upstate with baseball. The village lies halfway between Syracuse and Albany on the shores of Otsego Lake. Standing tall on Main Street, the National Baseball Hall of Fame functions as the nucleus of the village. Visitors can wander the three-floor museum from 9 a.m. to 5 p.m. each day, browsing the 323 faces of the Plaque Gallery and the display of the 113 World Series championship rings, said Jon Shestakofsky, vice president of communications and education at the National Baseball Hall of Fame. Shestakofsky said Cooperstown “evokes idyllic Americana,” with a main street filled with mom-andpop shops, a beautiful lake and views of forested hills. He added that visitors don’t necessarily need to be avid baseball fans to truly appreciate the museum, though. “The Baseball Hall of Fame is as much a baseball shrine as it is an American history museum,” Shestakofsky said in an email. “Our exhibits touch on the game itself and accomplishments on the field, but also the cultural touchpoints that have made baseball so important to the last 150 years of America’s development.”

Distance from Syracuse:

Just under 2 hours Fun fact: Brewery Ommegang in Cooperstown offers daily tours and tastings, which include eight “Game of Thrones” themed brews.


A three-hour drive through the snowy


HAS YET TO BE DESCRIBED AS APPROACHABLE I warned you, this week was going to get #sexy. On Tuesday, I’m planning on experimenting with some prescription drugs. No, not those kinds. The prescription? New glasses. The drug? That 20/20 vision, baby. Watch out Syracuse, because when I return, I’ll be changing my seat to the back of the class since I can now see the board. Now, Wednesday. For many Spring Breakers, this is when the week hits a lull. But not. For. Me. I have the stamina of a bird hitting the window while trying to get in the house. That’s right. It’s time for a full checkup at the doctor’s office. We’re talking blood pressure. We’re talking getting weighed. And you know what that means! Taking off the layers of jean and sweatshirts and shoes because you’ve been conditioned to place value on that number. We’re talking cold stethoscopes. Deep breathing. Short breathing. Interrogative questions by your doctor who’s supposed to be ON YOUR SIDE. Dr. C and I have been Adirondack Mountains may evoke haunting memories from Stanley Kubrick’s “The Shining.” For those who can brave the deja vu, a hotbed of sports awaits in Lake Placid. Immersed in scenery reminiscent of a Bob Ross painting, the village hosted the Winter Olympic Games in 1932 and 1980. Today, the Olympic sites that were once the center of the sports world remain open to the public. A $35 Olympic Sites Passport grants visitors access to the many complexes. Alison Haas, director of the Olympic Museum, recommends beginning in the museum. “It’s a great way to start your tour of Lake Placid, giving you a great background history of the Olympic Games before you set out to see the other sites,” she said. Inside the Olympic Center, visitors can ice skate in Herb Brooks Arena, the site of Team USA’s astonishing victory over the Soviet Union in the 1980 hockey semi-final. The Bobsled Experience gives visitors the rare opportunity to ride a bobsled down the official Olympic track, while the Discover Biathlon program tests participants’ aptitude for freestyle skiing and rifle marksmanship.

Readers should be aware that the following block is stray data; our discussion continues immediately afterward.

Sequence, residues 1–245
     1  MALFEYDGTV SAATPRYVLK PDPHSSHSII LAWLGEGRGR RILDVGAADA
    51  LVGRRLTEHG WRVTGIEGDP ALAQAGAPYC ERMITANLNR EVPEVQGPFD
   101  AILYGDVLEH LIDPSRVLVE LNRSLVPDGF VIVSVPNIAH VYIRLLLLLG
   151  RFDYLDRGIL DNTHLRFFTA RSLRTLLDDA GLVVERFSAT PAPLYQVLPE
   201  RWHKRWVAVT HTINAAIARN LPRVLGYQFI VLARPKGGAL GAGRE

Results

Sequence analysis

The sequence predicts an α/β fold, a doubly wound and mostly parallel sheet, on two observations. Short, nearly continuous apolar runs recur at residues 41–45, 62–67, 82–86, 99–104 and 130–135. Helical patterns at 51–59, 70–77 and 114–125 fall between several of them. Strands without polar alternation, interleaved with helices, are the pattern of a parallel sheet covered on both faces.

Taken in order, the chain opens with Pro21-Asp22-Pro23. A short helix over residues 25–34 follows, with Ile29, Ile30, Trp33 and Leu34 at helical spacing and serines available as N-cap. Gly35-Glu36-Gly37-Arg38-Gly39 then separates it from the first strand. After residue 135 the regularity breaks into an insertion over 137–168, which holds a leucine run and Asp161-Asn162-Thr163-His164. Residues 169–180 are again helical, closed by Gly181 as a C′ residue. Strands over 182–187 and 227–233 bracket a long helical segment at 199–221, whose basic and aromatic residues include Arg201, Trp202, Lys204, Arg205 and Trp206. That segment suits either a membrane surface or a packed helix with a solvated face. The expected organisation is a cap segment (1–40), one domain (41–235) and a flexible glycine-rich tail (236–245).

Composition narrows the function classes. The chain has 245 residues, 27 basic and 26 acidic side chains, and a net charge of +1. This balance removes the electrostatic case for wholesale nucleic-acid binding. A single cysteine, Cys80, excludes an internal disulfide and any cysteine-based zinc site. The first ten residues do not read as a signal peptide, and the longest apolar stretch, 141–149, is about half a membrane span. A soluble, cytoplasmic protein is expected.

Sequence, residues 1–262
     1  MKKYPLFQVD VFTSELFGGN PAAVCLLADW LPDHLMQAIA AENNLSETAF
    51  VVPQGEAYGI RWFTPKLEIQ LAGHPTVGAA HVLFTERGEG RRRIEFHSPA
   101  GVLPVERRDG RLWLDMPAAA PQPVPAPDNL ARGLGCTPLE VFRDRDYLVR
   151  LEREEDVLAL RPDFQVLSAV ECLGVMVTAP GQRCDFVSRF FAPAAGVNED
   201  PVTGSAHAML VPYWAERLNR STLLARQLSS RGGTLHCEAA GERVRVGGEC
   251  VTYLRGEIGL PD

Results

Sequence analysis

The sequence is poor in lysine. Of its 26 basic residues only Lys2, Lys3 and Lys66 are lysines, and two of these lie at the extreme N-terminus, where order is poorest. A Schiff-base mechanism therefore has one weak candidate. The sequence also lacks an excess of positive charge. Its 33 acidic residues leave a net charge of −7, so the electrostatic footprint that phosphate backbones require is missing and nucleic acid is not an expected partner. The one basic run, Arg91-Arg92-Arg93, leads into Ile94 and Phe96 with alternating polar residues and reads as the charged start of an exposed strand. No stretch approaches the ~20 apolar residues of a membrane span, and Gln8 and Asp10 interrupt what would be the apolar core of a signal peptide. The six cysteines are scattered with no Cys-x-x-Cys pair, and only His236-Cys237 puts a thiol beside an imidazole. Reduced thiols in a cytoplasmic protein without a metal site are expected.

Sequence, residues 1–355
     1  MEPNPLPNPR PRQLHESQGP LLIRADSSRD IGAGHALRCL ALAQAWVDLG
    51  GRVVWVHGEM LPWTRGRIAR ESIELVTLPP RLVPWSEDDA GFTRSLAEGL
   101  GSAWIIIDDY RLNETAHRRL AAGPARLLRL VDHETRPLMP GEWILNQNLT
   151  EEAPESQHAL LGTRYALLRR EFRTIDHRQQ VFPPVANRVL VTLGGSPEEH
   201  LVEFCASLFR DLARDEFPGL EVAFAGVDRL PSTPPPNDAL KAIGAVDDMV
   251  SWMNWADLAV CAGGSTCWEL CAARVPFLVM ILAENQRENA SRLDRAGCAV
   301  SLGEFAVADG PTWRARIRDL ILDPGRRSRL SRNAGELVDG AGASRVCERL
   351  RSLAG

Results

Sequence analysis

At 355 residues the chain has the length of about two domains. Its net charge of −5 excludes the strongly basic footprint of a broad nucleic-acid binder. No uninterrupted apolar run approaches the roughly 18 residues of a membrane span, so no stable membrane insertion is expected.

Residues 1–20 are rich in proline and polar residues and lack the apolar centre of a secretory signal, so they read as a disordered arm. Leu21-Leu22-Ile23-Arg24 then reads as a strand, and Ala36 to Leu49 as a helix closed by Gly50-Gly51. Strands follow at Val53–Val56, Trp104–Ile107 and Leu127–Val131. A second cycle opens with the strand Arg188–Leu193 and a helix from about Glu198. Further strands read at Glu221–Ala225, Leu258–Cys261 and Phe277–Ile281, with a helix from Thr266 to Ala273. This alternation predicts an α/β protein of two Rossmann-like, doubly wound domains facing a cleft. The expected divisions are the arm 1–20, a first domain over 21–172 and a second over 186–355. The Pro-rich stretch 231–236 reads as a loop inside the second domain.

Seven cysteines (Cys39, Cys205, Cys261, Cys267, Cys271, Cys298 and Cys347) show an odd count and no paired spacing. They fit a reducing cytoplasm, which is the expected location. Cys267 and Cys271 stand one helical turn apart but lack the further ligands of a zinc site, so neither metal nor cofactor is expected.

Distance from Syracuse: 3.5 hours

Fun fact: A busy day surveying

the sites can be completed with a Cloudsplitter Gondola ride up Little Whiteface, included in the Passport.


The midpoint between Buffalo and Syracuse, Rochester is

from page 9

breweries of locally sourcing craft beers, WT Brews makes them itself. The restaurant purchases local ingredients and farms its own hops. While the weather may not allow use of it this spring break, the brewery offers an outdoor patio overlooking the Seneca River.



This brewery’s name sums it up: Local 315 Brewing Company features a variety of homegrown hops in the 315, specifically in Camillus. It’s located right on the farm, offering happy hour on Wednesdays from 4-6 p.m. and Fridays from 3-5 p.m. The brewery’s hops farm

events bar There's no shortage of day trips, group activities or even solo adventures to embark on over the coming week. From comedy and concerts to a ballet or a bout of roller derby, here are some things to do during the week off. PAINT NIGHT: PATRONS BENEFIT Learn to paint like a professional and enjoy hors d'oeuvres at Point of Contact Gallery’s 2018 Patrons Benefit. Wine & Paint Time will host an art class where attendees can paint a piece in the style of the gallery collection. All proceeds benefit Point of Contact artists through The Pedro Cuperman Memorial Fund. when: Thursday at 6 p.m. where: Point of Contact Gallery, 350 W. Fayette St. cost: $25 for students

illustration by sarah allam head illustrator